He might have approved of the great rivalries with an ideological flavour that grew up in the 1970s and 80s. He would have been less delighted that on both occasions the Soviet establishment’s representative was bested.

Other sports have individual rivalries. Tennis has had some great ones.

But perhaps only boxing, with its system of champion and challengers, comes close to replicating the way that the protagonists have to study each other’s play and personality, even live in each other’s skin, during the mind-bogglingly detailed preparations for a world championship series.

KarpovKasparov

Spassky Fischer

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Ivanchuk…the winner!

Ivanchuk’s last game…played in round 10…against Cheparinov…as by Kingscrusher of Chess World.

Image:chessdom



Image: discover-bulgaria.com…the building where the tournament is being held.

Ivanchuk the winner of Mtel…Final results…

Ivanchuk…image:chessdom

Ivanchuk Vassily 2740 UKR 8
Topalov Veselin 2767 BUL 6,5
Radjabov Teimour 2751 AZE 5,5
Cheparinov Ivan 2695 BUL 4
Bu Xiangzhi 2708 CHN 3
Aronian Levon 2763 ARM 3
 


Please click HERE to play through the games of round 10 — the final round.

Results  round 10…the final round…
Topalov, V vs Radjabov, T….1/2
Cheparinov, I vs Ivanchuk, V….0-1
Aronian, L vs Xiangzhi, Bu….1/2

Please click this link: to access the MTel 2008 games on site of Chessgames.


Round 10 (final)…Aronian vs Xiangzhi…end position

Round 10 — Cheparinov vs Ivanchuk…end position… 0-1


Round 10 — Topalov vs Radjabov…end position…1/2

Cheparinov…image:Chessdom

Aronian and Xiangzhi

 

Topalov

Standings after round 9:

Ivanchuk Vassily 2740 UKR 7
Topalov Veselin 2767 BUL 6
Radjabov Teimour 2751 AZE 5
Cheparinov Ivan 2695 BUL 4
Bu Xiangzhi 2708 CHN 2,5
Aronian Levon 2763 ARM 2,5

Please click HERE to play through the games of round 9.
Round 9: Results… in blue…with the images… Xiangzhi beats Topalov!!


Round 9 Radjabov vs Cheparinov…after move 11

Round 9: End position – Radjabov vs Cheparinov… 1/2


Round 9: Xiangzhi vs Topalov…after move…13

Round 9: Xiangzhi vs Topalov…move 33

Round 9: End position….Xiangzhi vs Topalov….1-0!


Round 9: Ivanchuk vs Aronian ….. move…11


Round 9: Ivanchuk vs Aronian …end position….1/2
Results round 8

Topalov, V vs Cheparinov, I = 1-0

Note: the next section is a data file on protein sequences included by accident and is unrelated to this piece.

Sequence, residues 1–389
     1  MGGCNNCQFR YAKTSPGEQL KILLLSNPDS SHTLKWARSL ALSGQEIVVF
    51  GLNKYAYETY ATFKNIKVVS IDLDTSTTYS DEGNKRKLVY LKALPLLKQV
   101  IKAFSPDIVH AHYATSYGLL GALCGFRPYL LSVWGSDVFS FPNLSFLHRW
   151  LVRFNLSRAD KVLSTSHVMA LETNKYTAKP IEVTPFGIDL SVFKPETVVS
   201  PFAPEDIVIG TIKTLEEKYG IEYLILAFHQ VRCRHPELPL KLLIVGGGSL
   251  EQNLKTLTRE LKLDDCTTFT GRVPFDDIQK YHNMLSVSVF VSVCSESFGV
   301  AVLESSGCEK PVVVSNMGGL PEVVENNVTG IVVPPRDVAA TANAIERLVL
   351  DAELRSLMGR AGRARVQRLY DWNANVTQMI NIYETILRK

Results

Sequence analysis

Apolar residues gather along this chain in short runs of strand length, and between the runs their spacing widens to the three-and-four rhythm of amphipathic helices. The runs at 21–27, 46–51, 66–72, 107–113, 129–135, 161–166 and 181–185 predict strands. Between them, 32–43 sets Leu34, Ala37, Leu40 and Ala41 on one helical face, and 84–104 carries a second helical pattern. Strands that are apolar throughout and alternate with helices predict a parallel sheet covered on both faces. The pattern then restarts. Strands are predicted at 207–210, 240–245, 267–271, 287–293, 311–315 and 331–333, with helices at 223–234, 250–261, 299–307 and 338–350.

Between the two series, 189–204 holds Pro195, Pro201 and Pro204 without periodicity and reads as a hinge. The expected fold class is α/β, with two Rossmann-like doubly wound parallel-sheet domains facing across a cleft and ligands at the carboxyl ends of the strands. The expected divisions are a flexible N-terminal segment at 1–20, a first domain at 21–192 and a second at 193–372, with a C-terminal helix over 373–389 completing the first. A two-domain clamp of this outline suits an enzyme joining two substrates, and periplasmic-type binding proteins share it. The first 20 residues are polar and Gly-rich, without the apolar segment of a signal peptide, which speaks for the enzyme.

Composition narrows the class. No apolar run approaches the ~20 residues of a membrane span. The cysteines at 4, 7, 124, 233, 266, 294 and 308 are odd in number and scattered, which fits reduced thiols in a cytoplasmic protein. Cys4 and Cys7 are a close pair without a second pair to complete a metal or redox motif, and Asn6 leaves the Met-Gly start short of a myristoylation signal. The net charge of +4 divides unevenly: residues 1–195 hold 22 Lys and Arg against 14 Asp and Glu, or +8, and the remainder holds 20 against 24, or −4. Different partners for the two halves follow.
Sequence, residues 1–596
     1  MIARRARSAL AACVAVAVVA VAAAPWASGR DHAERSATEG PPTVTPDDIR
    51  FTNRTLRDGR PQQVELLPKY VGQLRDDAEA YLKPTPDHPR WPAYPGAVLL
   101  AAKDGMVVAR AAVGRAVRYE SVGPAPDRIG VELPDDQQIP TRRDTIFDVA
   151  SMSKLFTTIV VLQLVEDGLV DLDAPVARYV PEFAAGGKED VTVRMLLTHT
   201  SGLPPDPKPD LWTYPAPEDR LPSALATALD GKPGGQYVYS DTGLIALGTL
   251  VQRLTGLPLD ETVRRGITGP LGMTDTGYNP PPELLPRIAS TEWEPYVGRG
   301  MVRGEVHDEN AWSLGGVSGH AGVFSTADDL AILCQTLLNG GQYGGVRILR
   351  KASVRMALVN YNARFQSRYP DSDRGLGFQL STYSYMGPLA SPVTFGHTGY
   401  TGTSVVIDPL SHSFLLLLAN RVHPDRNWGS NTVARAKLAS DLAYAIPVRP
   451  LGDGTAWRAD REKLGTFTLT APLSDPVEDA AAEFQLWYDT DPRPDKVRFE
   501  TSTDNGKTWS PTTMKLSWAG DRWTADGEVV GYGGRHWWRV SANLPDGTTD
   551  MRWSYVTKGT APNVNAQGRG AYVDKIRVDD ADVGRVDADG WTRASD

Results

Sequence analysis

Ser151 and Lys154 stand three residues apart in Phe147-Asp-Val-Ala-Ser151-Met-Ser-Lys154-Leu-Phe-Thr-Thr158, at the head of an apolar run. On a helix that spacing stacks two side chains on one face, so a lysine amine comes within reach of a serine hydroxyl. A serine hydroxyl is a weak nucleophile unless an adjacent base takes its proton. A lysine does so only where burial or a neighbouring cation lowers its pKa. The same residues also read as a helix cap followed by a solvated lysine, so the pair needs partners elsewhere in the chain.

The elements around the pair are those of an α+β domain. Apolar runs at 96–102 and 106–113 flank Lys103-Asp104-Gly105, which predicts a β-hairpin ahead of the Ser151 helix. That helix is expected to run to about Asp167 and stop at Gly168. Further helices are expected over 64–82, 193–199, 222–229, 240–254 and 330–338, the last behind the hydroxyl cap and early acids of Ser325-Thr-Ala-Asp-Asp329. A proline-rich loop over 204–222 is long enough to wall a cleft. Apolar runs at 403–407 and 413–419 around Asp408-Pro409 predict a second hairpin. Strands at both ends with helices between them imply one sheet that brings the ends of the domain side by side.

Aronian, L vs Radjabov, T = 0-1
Xiangzhi, Bu vs Ivanchuk, V = 1/2

Images:Europe-echecs


The amazing Veselin Topalov (artist’s impression pictured!) convincingly won his 8th round game against his countryman and friend, Ivan Cheparinov to close the gap to former runaway leader Vassily Ivanchuk to just half a point. 

Ivanchuk was definitely second best in his game but hung on to draw against Bu Xiangzhi.  Since his 5/5 start, Ivanchuk has now drawn his last three games.

Please click HERE to play through the games played in round 8.

Pairings round 9:

Xiangzhi, Bu vs Topalov, V
Ivanchuk, V vs Aronian, L
Radjabov, T vs Cheparinov, I


Round 7: Xiangzhi vs Radjabov…end position


Round 7: Topalov vs Ivanchuck…end position


Round 7: Aronian vs Cheparinov … end position

***This post will be updated as the tournament goes… so everyday’s results – till round 10 – will be added in this post. Click on images for a larger view.
Please click on THIS LINK to see the results of rounds 1-5…also, to read about Sofia, the capital of Bulgaria where this Master’s tournament is taking place!
On this link
HERE you can play through games played in earlier rounds and see the results of round 6 and see two video annotations about Ivanchuk’s games in rounds 4 and 5.
On
THIS LINK you can follow the video reports after each round….and HERE you will find the games from all the rounds being played. On my blog’s side bar  you will find a LIVE “MTel”- link to the current games of the day they’re busy playing.

Results round 7:

Ivanchuk vs Topalov 1/2
Radjabov vs Xiangzhi 1-0
Cheparinov vs Aronian 1/2

Standings after round 7:

1. Ivanchuk Vassily 2740 UKR 6
2. Topalov Veselin 2767 BUL 5
3. Cheparinov Ivan 2695 BUL 3,5
3. Radjabov Teimour 2751 AZE 3,5
4. Aronian Levon 2763 ARM 2
5. Bu Xiangzhi 2708 CHN 1


Schedule ….for the rest of the tournament…

Round 8: May 16, 15.00 EEST (12.00 UTC)
Round 9: May 17, 15.00 EEST (12.00 UTC)
Round 10: May 18, 14.00 EEST (11.00 UTC)

Tie breaks: 19.00 EEST (16.00 UTC)
Closing ceremony: 20.00 EEST (17.00 UTC)
Cocktail party: 21.00 EEST (18.00 UTC)

 

Images:MTelmasters.com… the official site

 

 Sofia, 15 May 2008- Author’s copy of the ancient Bulgarian icon “St. Trinity” will be the special prize of the winner in the super chess tournament M-Tel Masters 2008. The author of the icon is the famous Bulgarian painter Katya Bajlekova the size if the icon is 62 x 46 cm and the image is aged by a special technology.

The special prize will be handed to the winner in M-Tel Masters 2008 at the official closing ceremony of the tournament on May 18.

Traditionally, for a fourth year in a row the winner of the Sofia super chess tournament receives as a special prize a copy of an ancient Bulgarian icon. As a three-time winner of M-Tel Masters Veselin Topalov already has in his collection a copy of the icons “Entering Jerusalem”, “St. George the Winner” and “Four Saints – Warriors” by the same painter.
Source: Mtelmasters.com

This video is about the final round…round 10

This video is about round 6….Ivanchuck against Radjabov

This next video is about Topalov playing round 8 against Cheparinov by Chess World.

 
MTel-video about round 8

MTel-video round 9!